Industry professionals, budding chefs and students in food industry courses all need to keep a close eye on the ever-changing landscape of Australia's dining industry in order to stay ahead of the competition.
One current emerging trend involves that of matching your food to your drink – but this time it's beer, not wine, that people are pairing with meals.
In an interview with Rachel Lebihan of FoodService magazine, cheesemonger Laura Lown outlined the growing movement toward matching cheese with beer, as opposed to wine. This is because the yeasty and earthy flavours of the beer match perfectly with those creamy textures of the cheese.
"Some people say that beer goes better with cheese because they both start from the same varietal and also the flavours are very similar, so when you describe beer and cheese you find you use the same descriptive words," she told the publication.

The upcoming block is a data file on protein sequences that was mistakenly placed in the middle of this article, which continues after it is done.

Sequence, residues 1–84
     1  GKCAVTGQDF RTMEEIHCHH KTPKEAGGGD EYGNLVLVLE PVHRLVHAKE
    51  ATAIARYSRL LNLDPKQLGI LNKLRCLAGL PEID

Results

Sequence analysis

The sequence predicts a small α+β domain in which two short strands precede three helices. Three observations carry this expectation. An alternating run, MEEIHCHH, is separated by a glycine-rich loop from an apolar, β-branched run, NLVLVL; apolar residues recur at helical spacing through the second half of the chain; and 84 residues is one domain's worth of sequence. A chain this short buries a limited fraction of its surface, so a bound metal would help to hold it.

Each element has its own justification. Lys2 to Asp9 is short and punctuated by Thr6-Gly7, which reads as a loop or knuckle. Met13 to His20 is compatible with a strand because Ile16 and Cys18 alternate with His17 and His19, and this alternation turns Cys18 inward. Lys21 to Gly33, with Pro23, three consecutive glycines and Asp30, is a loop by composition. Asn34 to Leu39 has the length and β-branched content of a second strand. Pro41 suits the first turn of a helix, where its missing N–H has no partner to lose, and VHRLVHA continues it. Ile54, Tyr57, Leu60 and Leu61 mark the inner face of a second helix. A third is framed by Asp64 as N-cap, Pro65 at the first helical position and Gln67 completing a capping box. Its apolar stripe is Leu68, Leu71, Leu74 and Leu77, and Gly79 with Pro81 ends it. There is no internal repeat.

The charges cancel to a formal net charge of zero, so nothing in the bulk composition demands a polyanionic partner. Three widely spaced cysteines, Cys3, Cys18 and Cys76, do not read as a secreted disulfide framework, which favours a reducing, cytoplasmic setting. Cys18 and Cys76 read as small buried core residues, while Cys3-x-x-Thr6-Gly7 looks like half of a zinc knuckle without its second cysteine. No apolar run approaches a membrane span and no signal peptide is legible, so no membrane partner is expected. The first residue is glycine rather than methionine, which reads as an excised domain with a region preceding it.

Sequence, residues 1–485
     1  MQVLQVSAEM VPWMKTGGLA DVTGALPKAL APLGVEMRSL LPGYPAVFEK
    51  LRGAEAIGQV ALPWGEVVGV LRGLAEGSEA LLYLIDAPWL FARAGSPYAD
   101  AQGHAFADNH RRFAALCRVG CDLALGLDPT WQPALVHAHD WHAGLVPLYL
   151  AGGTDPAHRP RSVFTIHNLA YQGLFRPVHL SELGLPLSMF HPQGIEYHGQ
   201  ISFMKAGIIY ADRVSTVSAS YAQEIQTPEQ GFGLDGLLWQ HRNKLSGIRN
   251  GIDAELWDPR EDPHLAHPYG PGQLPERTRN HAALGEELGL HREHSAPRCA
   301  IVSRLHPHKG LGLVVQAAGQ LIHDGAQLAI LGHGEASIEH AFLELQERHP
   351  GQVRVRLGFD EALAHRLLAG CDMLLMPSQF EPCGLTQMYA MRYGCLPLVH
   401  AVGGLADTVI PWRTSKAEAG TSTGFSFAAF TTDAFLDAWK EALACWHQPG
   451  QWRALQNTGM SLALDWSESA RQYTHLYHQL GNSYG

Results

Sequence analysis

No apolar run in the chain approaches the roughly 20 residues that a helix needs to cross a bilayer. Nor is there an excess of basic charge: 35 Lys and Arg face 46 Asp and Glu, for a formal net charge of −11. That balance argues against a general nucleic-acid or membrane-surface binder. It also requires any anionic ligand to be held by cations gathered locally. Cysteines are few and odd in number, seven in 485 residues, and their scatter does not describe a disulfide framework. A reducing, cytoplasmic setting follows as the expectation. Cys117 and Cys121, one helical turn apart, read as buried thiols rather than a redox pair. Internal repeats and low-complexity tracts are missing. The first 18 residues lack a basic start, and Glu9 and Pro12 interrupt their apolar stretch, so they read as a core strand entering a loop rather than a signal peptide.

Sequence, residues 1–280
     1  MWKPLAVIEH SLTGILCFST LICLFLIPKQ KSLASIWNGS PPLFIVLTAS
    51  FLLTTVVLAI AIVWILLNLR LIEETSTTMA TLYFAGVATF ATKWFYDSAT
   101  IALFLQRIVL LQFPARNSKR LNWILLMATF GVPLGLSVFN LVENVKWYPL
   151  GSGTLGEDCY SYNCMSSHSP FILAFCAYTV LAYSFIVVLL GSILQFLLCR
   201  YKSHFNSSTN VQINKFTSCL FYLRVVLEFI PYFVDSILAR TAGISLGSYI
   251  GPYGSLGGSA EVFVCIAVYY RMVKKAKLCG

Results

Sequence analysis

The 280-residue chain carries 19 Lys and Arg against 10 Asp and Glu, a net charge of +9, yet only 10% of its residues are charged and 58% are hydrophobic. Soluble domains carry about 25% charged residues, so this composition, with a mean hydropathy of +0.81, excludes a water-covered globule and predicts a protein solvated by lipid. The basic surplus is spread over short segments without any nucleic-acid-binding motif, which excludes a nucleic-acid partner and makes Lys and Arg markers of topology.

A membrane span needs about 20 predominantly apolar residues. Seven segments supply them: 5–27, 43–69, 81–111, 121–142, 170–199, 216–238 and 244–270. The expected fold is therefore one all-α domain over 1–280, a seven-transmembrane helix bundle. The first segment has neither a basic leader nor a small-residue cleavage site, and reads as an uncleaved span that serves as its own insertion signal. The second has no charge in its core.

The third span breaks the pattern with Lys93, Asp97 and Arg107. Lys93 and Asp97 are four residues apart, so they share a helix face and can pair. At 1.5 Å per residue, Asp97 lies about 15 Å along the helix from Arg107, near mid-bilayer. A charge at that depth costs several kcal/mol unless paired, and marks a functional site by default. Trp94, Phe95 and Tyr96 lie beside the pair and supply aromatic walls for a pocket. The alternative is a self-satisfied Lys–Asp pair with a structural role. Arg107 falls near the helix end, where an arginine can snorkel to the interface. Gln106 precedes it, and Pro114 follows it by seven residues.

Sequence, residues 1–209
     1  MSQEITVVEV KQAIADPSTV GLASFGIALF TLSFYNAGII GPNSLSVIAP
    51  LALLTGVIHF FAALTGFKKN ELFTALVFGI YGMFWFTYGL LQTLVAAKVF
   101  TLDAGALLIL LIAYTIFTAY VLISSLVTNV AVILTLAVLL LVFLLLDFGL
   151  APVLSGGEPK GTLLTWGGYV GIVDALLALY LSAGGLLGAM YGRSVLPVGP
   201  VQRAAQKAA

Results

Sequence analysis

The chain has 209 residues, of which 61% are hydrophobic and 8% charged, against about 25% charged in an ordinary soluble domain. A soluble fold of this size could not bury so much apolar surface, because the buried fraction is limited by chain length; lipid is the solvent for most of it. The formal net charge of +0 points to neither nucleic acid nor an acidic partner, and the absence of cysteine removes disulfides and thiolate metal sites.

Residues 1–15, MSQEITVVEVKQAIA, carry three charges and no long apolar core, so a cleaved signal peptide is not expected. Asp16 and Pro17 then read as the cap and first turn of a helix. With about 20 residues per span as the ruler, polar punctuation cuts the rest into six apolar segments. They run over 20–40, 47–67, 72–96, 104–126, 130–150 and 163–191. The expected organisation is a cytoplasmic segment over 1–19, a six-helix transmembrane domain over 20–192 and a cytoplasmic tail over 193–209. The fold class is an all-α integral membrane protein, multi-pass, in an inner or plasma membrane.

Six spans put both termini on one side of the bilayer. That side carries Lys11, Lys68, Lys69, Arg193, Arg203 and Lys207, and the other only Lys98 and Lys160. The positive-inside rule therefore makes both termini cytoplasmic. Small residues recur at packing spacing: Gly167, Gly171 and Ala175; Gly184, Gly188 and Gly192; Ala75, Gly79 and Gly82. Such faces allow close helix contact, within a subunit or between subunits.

What works, what doesn't
Look for beers that have tasting notes in common with foods – for example, a spicy Mexican meal could be perfectly paired with a beer that has spicy notes in it. At the opposite end of the scale, food and beer with contrasting flavours can actually be a successful match, with the opposing tastes helping to balance each other out. In general, light-bodied brews work best with light dishes, while heavier, darker ales are ideal to go with your Sunday roast or dense dessert.
Different types of beers require different food pairings, according to a beer matching chart produced by BrewersAssociation.Org. Pale ales generally work well with a wide variety of foods, particularly cheddar cheese, meat pies and pumpkin flan, whereas brown ale goes best with hearty foods such as smoked sausage and roast pork. Match your amber lager to foods that have a bit of spice, or accompany it with a chunk of white cheddar for a taste sensation.
The only rule is there are no rules
While the above guidance can certainly help you on your beer-matching journey, rules have nothing on experience. Practice makes perfect when it comes to pairing beer with food, and if a combination tastes good to you, go for it!
Put it into practice
William Angliss Institute can help you put your newfound beer-matching abilities to good use with a range of rewarding food industry courses.